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GOP Sen. Toomey Joins Call For Trump To Resign, As House Impeachment Plans Move Ahead

Retiring Sen. Pat Toomey, R-Pa., on Sunday joined his Senate colleague Lisa Murkowski of Alaska in calling for President Trump to resign.
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Retiring Sen. Pat Toomey, R-Pa., on Sunday joined his Senate colleague Lisa Murkowski of Alaska in calling for President Trump to resign.

Updated at 9:41 p.m. ET

Pennsylvania's Pat Toomey is the second Republican U.S. senator to call for President Trump's resignation in the wake of Wednesday's attack by Trump supporters on the U.S. Capitol, as House Democrats developed their plans to impeach the president.

Toomey on Sunday joined his Senate colleague Lisa Murkowski, an Alaska Republican, in calling for Trump to resign.

"I think at this point with just a few days left [in Trump's term], it's the best path forward, the best way to get this person in the rearview mirror for us," Toomey told CNN's State of the Union. "That could happen immediately. I'm not optimistic it will, but I do think that would be the best way forward."

Toomey, who is set to retire in 2022, told Fox News on Saturday that Trump has committed "impeachable offenses" in recent weeks and days.

Murkowski on Friday became the first Republican senator to call for Trump's resignation, saying he bears responsibility for the violence that ensued at the Capitol.

"I want him to resign. I want him out. He has caused enough damage," Murkowski told the Anchorage Daily News.

On Sunday, House Majority Whip Jim Clyburn, D-S.C., said Democratic leadership is resolute in voting this week on at least one article of impeachment against Trump.

House Majority Whip Rep. James Clyburn, D-S.C., seen here during a news conference in September, suggested Sunday that House Democrats could wait to send an impeachment resolution to the Senate to begin a trial.
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House Majority Whip Jim Clyburn, D-S.C., seen here in September, suggested Sunday that House Democrats could wait several months to send an impeachment resolution to the Senate, so that a Senate trial wouldn't distract from President-elect Joe Biden's early priorities.

Clyburn said it will likely be Tuesday or Wednesday before the House takes such a vote and suggested that after it passed, Democrats may wait several months before sending the impeachment measure to the Senate, which would ensure that a Senate trial wouldn't distract from President-elect Joe Biden's early legislative priorities or prevent the Senate from swiftly confirming Biden's Cabinet nominees.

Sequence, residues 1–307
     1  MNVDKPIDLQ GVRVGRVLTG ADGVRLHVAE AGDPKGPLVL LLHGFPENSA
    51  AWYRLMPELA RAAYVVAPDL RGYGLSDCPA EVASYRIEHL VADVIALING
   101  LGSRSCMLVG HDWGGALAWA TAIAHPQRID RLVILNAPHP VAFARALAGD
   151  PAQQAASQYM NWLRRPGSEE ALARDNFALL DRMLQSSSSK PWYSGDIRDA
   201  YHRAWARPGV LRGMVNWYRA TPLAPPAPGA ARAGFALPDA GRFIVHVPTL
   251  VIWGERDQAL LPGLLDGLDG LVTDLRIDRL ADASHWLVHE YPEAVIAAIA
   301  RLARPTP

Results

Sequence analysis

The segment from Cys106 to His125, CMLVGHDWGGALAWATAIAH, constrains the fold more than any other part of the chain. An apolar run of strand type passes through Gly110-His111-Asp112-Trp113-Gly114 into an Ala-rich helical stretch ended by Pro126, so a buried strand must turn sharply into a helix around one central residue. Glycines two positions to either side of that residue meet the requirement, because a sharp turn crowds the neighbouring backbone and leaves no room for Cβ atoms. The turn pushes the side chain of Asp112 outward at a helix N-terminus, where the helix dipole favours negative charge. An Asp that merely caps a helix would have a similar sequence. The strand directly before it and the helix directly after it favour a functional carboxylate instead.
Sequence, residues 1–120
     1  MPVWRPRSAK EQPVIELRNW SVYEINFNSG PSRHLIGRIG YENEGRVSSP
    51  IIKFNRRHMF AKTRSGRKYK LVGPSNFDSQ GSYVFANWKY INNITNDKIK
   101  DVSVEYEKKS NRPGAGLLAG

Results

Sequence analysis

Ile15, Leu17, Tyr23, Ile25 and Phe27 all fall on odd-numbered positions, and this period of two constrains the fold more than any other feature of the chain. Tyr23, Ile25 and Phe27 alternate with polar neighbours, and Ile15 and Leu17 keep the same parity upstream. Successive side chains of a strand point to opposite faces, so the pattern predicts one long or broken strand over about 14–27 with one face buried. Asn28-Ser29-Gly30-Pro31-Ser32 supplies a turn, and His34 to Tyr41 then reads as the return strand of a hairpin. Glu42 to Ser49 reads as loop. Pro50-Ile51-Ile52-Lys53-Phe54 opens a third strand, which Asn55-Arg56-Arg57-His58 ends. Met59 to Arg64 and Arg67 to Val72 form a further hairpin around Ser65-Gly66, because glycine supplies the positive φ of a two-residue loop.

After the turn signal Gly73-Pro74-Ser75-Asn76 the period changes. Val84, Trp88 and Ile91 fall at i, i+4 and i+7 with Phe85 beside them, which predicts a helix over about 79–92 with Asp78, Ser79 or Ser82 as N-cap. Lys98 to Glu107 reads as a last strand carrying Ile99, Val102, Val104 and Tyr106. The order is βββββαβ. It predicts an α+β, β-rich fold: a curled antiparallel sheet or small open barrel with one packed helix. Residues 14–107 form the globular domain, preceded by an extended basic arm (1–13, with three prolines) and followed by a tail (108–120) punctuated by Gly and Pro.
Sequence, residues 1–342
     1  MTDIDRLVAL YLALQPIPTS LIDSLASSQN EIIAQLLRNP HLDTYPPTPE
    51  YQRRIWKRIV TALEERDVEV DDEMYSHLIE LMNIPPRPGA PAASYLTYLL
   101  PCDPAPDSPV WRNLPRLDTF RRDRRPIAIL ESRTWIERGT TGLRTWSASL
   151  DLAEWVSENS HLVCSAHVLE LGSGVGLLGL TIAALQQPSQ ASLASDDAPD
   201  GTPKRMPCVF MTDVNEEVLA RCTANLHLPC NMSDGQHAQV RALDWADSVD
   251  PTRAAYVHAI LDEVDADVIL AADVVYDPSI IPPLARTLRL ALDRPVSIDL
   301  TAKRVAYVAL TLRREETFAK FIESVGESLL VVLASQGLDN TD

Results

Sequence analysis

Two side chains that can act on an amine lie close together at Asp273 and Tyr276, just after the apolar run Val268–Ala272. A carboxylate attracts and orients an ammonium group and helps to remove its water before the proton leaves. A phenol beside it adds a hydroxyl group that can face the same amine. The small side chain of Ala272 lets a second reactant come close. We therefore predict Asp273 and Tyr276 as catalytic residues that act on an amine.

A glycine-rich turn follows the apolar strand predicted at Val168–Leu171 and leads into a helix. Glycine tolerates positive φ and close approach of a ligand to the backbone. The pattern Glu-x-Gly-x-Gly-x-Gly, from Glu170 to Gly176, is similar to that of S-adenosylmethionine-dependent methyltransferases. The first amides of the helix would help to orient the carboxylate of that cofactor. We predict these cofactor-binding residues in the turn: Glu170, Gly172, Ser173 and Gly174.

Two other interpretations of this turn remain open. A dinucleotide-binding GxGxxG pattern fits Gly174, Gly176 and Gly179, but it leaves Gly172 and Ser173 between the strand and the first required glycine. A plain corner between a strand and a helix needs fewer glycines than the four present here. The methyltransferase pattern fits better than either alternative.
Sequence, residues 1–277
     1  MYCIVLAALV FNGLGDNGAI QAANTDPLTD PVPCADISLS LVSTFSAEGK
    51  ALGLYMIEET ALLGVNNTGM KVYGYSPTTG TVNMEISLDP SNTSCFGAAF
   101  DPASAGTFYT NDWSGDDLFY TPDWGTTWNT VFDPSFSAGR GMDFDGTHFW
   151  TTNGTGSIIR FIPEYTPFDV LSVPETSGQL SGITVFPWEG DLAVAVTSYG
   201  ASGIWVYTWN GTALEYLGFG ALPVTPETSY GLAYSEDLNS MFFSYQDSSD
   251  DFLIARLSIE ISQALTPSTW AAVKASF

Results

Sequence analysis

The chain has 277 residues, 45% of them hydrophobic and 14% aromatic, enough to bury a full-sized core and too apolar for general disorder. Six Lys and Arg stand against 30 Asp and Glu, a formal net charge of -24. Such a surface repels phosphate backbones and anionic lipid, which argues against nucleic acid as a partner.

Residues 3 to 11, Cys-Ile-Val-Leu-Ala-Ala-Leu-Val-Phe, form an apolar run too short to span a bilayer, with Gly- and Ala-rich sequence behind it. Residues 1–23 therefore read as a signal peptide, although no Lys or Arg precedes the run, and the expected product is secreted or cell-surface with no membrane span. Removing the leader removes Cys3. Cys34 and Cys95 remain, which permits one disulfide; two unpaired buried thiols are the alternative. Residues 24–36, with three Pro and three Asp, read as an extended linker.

"Let's give President-elect Biden the 100 days he needs to get his agenda off and running, and maybe we'll send the articles sometime after that," Clyburn said on CNN's State of the Union. "We'll take the vote that we should take in the House, and [House Speaker Nancy Pelosi] will make the determination as to when is the best time to get that vote and get the [impeachment] managers appointed and move that legislation over to the Senate."

On NBC's Meet the Press, Toomey said it's not clear that the Constitution permits a Senate conviction and a potential prohibition against serving in office again "after a person has left office, which is what would have to happen here."

On Fox News Sunday, Clyburn emphasized the importance of having such a vote.

"We tell voters all the time that your vote is your voice, and I believe we have to practice the same thing. Our vote is our voice, and we want to voice disapproval of the actions taken by this president last Wednesday," he said.

House Democrats have already drafted an article of impeachment, for incitement of insurrection, with more than 200 members of the Democratic caucus signing on as co-sponsors.

In addition to citing Trump's inciting language to supporters on Wednesday, the resolution also references his call to Georgia Republican Secretary of State Brad Raffensperger, in which Trump urged him to "find" enough votes to overturn the election.

White House spokesman Judd Deere on Friday called the impeachment effort "politically motivated" and said it would "only serve to further divide our great country."

With just 10 days left in Trump's term, calls for Trump's resignation have grown after he implored his supporters at a rally in Washington, D.C., on Wednesday to march to the Capitol, where lawmakers were working to certify Biden's Electoral College win. The violent mob led an insurrection on the Capitol, forcing many lawmakers to hide in an undisclosed location. Five people died.

On Sunday evening, Pelosi told her Democratic caucus that the House would plan to pass a resolution calling on Vice President Pence to activate the 25th Amendment and relieve Trump of the powers of the presidency. If Pence does not, Pelosi told her colleagues that they would proceed with an impeachment vote.

Former New Jersey Gov. Chris Christie, once a staunch ally of the president, told ABC's This Weekthat fellow Republicans have told him "they've had enough" with Trump.

"If inciting to insurrection isn't [an impeachable offense], then I don't really know what is," he said Sunday.

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Barbara Sprunt is a producer on NPR's Washington desk, where she reports and produces breaking news and feature political content. She formerly produced the NPR Politics Podcast and got her start in radio at as an intern on NPR's Weekend All Things Considered and Tell Me More with Michel Martin. She is an alumnus of the Paul Miller Reporting Fellowship at the National Press Foundation. She is a graduate of American University in Washington, D.C., and a Pennsylvania native.